The 15 Oregon forest trust land counties could have benefited from the sale of 3.1 billion more board feet of timber than was sold by the Oregon Department of Forestry between 2004 and 2019.
That's according to Mark Rasmussen, a partner at the Portland consulting firm Mason, Bruce & Girard Inc., who testified Monday and Tuesday during a $1.4 billion breach of contract lawsuit at Linn County Circuit Court.
In the suit, 14 of the 15 forest trust counties and 151 taxing districts charge that the Department of Forestry has not harvested as much timber as it could have since new management plans were approved in 1998.
From the 1930s to 1960s, the counties deeded more than 600,000 acres of land to the state to develop state forests. In return, those counties were to receive about two-thirds of every dollar generated by sales of timber from those lands, based on a 1941 state statute that called for the lands to managed for the "greatest permanent value."
According to Rasmussen, the state could have harvested more than 7 billion board feet of timber on a sustainable basis, but actually harvested 3.9 billion board feet. A board foot is a board 12 inches wide, 12 inches long and 1 inch thick. A truckload of logs amounts to about 4,000 board feet, Rasmussen said.
Rasmussen’s firm has completed numerous projects encompassing millions of acres of land, both private and public, in Oregon, California, Washington and Idaho, as well as in other states. He has been appointed to the Governor’s Council of Economic Advisers by three governors.
He said he sat upon what he called a Harvest and Habitat Committee, which looked at four alternatives to setting timber harvests and various levels of wildlife habitat development. Their report to the state was issued in 2006.
For the trial he was asked to talk about what he said was a maximum harvest level of timber, but projected for sustainability over 150 years. He said habitat and environmental regulations based on the state’s Forest Management Practices Act were included in the modeling, but those assets were not given higher priorities than mandated by regulations.
Values such as recreation were also secondary to maximum timber harvesting in his modeling.
Rasmussen said other alternatives included timber management if the state had a habitat conservation plan in place (a federal process that allows timber harvesting and shields those involved from being held liable if an endangered animal was harmed); timber harvests without such a plan; and a “reserve” alternative in which the Oregon Department of Forestry managed the lands to develop old-growth traits and improve wildlife habitat for species such as the northern spotted owl and marbled murrelet as the priority. That habitat could encompass as much as 50% of the forests.
Rasmussen said harvest rotations vary by state. Oregon’s private landowners may harvest trees on a 40-year rotation, since Oregon has soils and weather conducive to tree growth. In other states, harvest rotations may be 70 years or more, he said.
Earlier in the trial, witnesses said a computer modeling of projected timber harvests for a 2001 report was based on inaccurate data. Rasmussen said more accurate data — provided by district foresters — was used to create the 2006 report, in which he participated. That data was incorporated in a 2010 Forest Management Plan.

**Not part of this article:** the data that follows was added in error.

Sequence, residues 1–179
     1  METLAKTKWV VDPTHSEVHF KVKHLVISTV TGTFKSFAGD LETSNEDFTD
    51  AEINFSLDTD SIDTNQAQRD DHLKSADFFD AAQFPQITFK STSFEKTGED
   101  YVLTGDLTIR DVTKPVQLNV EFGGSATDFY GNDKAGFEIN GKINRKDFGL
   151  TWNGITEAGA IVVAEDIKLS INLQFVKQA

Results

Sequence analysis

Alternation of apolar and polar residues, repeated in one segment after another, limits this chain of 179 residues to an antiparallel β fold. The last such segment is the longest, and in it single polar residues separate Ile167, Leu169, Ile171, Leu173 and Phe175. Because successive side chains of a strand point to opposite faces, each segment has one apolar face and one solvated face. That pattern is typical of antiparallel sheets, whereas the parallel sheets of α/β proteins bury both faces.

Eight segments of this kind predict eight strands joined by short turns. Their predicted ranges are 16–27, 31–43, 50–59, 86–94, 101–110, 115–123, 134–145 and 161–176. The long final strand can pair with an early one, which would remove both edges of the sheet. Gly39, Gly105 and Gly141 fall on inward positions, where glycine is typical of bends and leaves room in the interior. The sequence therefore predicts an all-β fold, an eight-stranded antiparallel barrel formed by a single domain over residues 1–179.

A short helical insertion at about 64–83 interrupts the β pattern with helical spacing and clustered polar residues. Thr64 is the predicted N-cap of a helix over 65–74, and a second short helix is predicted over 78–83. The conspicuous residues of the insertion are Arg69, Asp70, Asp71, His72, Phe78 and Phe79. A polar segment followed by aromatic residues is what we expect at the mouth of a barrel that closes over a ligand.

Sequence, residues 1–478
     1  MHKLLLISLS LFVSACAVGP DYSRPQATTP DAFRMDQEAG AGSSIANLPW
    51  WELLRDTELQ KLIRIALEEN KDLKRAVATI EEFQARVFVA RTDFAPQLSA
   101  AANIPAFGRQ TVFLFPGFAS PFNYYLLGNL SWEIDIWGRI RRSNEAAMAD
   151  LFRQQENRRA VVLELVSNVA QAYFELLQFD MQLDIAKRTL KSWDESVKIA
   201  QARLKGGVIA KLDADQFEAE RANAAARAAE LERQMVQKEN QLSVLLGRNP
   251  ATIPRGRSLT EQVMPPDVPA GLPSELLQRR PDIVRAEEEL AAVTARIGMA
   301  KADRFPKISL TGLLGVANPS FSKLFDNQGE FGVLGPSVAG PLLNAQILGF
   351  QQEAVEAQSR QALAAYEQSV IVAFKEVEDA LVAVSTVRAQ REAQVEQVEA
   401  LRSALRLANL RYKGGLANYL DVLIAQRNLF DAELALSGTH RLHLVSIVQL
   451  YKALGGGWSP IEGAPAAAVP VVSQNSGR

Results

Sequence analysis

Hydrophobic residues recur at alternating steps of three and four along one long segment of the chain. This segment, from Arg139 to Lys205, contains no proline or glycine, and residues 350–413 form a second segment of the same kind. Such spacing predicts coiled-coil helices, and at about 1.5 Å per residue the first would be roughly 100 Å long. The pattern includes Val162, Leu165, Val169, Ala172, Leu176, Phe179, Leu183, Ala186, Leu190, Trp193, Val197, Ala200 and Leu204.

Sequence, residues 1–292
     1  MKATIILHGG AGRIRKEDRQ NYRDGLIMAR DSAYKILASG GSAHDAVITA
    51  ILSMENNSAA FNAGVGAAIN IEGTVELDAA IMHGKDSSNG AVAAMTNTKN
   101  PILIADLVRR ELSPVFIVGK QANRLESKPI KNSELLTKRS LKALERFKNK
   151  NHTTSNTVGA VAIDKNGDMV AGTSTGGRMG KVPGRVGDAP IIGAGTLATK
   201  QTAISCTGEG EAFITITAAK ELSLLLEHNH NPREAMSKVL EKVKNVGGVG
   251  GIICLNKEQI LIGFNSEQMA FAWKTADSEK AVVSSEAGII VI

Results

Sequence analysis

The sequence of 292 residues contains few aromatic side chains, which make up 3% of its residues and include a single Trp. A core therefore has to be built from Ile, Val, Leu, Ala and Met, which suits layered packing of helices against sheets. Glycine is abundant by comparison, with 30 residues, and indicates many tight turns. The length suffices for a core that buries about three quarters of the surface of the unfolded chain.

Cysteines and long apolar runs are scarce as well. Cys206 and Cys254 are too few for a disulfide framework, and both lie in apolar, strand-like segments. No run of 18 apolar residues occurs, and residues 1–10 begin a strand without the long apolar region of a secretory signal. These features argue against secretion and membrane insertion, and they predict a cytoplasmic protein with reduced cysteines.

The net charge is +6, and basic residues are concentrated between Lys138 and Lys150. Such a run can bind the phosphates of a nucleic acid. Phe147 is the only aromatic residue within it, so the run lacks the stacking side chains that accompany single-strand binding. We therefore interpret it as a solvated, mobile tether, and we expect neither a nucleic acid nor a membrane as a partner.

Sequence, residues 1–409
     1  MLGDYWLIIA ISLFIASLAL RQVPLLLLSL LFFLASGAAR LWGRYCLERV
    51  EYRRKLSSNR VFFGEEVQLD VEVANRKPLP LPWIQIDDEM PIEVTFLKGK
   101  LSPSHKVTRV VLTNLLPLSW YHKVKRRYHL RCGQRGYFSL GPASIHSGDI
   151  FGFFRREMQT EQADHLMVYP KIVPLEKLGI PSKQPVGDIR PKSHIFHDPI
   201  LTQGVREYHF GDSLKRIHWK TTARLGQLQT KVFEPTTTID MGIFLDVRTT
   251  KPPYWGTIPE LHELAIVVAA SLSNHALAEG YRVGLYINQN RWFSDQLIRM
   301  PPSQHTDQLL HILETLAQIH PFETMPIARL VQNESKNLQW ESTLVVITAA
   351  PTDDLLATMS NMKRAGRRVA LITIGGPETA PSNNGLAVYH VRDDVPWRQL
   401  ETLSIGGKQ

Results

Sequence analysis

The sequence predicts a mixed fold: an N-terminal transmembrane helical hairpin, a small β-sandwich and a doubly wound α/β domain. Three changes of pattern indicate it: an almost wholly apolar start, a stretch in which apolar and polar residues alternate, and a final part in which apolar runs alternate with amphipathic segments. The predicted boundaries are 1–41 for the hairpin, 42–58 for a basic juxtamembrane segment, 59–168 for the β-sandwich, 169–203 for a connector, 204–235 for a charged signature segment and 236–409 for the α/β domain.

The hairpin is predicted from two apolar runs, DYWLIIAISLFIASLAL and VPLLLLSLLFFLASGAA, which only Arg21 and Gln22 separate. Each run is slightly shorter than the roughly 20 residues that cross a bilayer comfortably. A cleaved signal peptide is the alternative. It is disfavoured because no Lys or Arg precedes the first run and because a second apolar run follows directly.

In developing his projections, Rasmussen said he tried to be conservative and reduced potential “should have” harvests by 5%.
During cross-examination on Tuesday, state’s attorney Scott Kaplan asked Rasmussen if all 15 forest trust counties were members of the lawsuit. Rasmussen said Clatsop County is not participating. About a dozen taxing districts also chose to opt out; 151 taxing districts are participating, including several in Clatsop County, which has 154,000 acres of state forests in its boundaries, about one-quarter of the total state forest lands.
Kaplan asked Rasmussen if the alternative that emphasized wood emphasis put a higher value on revenues to counties, but failed to maximize the values of clean water, native wildlife and outdoor recreation.
Rasmussen said his assignment for the trial was to determine the difference between what the Oregon Department of Forestry “should have” harvested and what actually was. As for the clean water issue, those factors are mandated by the Forest Practices Act, which was included in the modeling data, he said.
Kaplan also asked Rasmussen — whose firm has had consulting contracts with the Oregon Department of Forestry, Oregon State University and Department of Transportation — if he had a conflict of interest being a paid witness. Rasmussen said he did not, nor has he been pressured to skew data in favor of the class action members.
“I have the highest respect for the Department of Forestry,” he said.
Rasmussen agreed with Kaplan that there are intangibles in forest management that can’t be built into a long-term modeling, such as fires, economic recessions and outbreaks of disease or pests.
Kaplan asked Rasmussen if there was a way to incorporate the effects of the greatest permanent value rule into the computer modeling. Rasmussen replied that there wasn’t: “You need something to drive a solution, you need weighted goals to start with.”
Richard La Mont, owner of Timberland Appraisal in Corvallis, began testimony late Tuesday. He is expected to put a monetary value on the timber harvest data Rasmussen provided to the court. He will take the stand at 9:30 a.m. Wednesday before Judge Thomas McHill.